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An animal rights group known as the Nonhuman Rights Project filed lawsuits in three New York courts this week in an...
Researchers have been hot on the trail of the elusive Denisovans, a type of ancient human known only by their DNA and...
Thousands of scientists in the Russian Academy of Sciences (RAS) are about to lose their jobs as a result of the...
Dyslexia, a learning disability that hinders reading, hasn't been associated with deficits in vision, hearing, or...
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Researchers have sequenced and analyzed the first two snake genomes, which represent two evolutionary extremes. The...
Snake venoms are remarkably complex mixtures that can stun or kill prey within minutes. But more and more researchers...
At age 30, Dutch biologist Freek Vonk has built up a respectable career as a snake scientist. But in his home country,...
- 5 December 2013 11:26 am , Vol. 342 , #6163
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Neural Disconnection May Trip Up Stutterers
2 August 2002 (All day)
Fibers in the brain that bridge a region governing speech and another controlling the tongue may be less robust in stutterers than nonstutterers, new research finds. The study is among the few that have analyzed the brains of stutterers and is the first to focus on the white matter that connects brain structures.
Stuttering afflicts 1% of adults and has been around since the dawn of history: It's referred to in the Bible and on Egyptian hieroglyphs, says David Rosenfield of Baylor College of Medicine in Houston, Texas. A year ago, neurologist Anne Foundas at Tulane University Health Sciences Center in New Orleans, Louisiana, and her colleagues found subtle differences between stutterers and nonstutterers in two language regions, called Wernicke's area and Broca's area.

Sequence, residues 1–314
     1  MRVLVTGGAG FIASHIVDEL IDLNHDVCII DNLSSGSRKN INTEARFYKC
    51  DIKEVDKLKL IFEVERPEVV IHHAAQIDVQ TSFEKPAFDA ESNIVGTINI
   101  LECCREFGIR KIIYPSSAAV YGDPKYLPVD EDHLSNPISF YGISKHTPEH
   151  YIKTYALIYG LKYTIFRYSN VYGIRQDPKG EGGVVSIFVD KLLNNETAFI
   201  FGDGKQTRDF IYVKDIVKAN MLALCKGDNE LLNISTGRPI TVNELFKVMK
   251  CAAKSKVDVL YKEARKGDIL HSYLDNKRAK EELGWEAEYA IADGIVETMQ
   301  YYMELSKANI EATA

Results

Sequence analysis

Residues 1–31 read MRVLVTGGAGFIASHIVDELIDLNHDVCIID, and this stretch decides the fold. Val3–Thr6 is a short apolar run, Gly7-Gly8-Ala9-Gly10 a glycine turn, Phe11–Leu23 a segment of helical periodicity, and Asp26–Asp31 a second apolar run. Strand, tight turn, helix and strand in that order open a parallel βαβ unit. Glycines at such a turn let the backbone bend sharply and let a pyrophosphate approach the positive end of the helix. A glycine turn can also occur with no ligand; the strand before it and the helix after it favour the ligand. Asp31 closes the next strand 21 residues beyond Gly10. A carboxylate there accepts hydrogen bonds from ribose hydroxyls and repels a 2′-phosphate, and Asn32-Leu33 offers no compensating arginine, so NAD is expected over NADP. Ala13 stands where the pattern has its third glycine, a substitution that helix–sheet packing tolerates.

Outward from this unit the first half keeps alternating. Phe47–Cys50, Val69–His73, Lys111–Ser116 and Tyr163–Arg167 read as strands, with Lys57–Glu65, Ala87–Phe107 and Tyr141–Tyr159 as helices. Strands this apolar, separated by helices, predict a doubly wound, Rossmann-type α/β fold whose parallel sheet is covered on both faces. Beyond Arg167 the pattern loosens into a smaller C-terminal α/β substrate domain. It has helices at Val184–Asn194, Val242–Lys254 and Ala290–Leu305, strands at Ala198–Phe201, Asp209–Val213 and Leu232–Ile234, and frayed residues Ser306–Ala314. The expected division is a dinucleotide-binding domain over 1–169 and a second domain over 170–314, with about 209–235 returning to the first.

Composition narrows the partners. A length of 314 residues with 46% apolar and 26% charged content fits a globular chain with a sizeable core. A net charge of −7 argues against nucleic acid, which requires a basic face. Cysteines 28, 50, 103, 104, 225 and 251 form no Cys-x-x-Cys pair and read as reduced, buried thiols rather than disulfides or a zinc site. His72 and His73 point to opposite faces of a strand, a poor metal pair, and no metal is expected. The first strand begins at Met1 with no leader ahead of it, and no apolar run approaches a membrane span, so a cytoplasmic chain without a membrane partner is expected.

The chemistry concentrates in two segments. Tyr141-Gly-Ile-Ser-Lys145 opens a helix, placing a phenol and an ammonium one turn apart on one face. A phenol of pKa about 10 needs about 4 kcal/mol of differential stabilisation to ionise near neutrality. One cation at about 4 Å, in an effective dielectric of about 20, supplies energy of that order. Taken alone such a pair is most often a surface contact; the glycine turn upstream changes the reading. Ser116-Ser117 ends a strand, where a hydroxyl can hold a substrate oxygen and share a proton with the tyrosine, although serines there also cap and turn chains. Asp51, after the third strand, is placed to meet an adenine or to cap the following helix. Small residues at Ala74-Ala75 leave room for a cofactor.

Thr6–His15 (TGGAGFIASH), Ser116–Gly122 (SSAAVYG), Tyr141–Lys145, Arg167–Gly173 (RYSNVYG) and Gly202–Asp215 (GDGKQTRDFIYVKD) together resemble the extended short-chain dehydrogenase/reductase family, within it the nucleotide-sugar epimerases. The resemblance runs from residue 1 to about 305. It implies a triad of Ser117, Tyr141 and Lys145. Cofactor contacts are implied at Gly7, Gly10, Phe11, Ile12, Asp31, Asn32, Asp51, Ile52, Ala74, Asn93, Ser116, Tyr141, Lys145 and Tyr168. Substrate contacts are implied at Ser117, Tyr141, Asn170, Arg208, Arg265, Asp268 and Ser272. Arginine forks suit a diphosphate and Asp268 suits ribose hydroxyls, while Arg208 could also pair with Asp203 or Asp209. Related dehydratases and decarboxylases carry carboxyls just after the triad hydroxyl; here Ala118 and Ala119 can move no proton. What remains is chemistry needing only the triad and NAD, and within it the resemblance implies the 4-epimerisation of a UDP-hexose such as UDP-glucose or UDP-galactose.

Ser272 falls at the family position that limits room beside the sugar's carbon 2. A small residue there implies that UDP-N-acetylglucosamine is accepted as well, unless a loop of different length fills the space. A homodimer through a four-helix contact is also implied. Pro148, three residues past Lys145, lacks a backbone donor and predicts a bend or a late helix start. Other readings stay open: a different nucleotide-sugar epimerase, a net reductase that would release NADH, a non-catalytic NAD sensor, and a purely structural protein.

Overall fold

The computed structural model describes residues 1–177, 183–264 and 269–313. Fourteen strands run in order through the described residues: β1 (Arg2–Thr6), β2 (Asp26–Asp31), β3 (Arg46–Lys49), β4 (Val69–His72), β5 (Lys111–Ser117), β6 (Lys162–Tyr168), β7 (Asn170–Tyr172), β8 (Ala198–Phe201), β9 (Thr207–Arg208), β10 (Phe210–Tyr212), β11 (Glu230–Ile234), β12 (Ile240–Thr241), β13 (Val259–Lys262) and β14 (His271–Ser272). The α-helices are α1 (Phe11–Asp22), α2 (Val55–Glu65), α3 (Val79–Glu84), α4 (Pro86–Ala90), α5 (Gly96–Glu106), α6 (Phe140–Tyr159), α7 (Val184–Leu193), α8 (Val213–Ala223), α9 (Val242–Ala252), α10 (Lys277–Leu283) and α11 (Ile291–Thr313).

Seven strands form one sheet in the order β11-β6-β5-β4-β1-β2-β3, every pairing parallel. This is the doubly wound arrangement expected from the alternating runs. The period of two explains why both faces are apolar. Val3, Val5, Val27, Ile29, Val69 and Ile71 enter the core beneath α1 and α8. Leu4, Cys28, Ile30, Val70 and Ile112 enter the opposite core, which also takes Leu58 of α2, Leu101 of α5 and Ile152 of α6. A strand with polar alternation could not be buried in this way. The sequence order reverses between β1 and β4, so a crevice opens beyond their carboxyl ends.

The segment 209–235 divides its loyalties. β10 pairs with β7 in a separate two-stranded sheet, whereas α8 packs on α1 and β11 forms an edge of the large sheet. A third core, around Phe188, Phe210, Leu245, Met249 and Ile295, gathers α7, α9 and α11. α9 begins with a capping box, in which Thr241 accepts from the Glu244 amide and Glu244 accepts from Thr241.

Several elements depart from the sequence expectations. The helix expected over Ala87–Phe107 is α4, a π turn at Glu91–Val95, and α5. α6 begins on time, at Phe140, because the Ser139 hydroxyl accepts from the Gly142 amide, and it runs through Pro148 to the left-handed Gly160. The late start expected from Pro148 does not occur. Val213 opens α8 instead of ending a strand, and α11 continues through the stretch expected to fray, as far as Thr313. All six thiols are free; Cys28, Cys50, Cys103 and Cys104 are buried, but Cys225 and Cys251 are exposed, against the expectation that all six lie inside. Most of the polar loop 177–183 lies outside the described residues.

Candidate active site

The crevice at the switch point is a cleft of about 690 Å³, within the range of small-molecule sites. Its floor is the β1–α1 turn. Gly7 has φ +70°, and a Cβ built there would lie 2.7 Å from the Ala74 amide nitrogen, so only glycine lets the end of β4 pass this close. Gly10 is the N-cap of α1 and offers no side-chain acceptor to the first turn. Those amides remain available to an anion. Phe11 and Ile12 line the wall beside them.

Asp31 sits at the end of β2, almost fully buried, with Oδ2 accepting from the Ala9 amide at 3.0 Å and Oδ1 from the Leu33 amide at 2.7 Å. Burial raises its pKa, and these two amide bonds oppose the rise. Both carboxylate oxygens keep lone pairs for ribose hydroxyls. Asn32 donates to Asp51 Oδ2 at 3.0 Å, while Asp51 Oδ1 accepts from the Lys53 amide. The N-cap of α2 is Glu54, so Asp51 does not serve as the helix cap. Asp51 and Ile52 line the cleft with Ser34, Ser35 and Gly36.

Neurologist Christian Büchel and his colleagues at the University of Hamburg, Germany, recruited 15 confirmed stutterers and 15 nonstutterers to dig deeper into the neuroanatomy of stuttering. The researchers performed a type of brain imaging called diffusion tensor imaging (DTI), which highlights the brain's white matter--the long nerve fibers made up of axons that send messages between neurons. Fibers running between two regions in the left side of the brain--one a speech center near Wernicke's and Broca's, the other a motor control region for the tongue and larynx--were about 30% less tightly packed among those who stuttered, the team reports in the 3 August issue of The Lancet. That suggests either that stutterers have fewer axons in this tract or that the axons meander, says Büchel.
In stutterers, "the whole system seems to be disrupted at multiple sites," says Foundas. She wonders whether the differences in brain anatomy that her lab found might induce these nearby changes in white matter.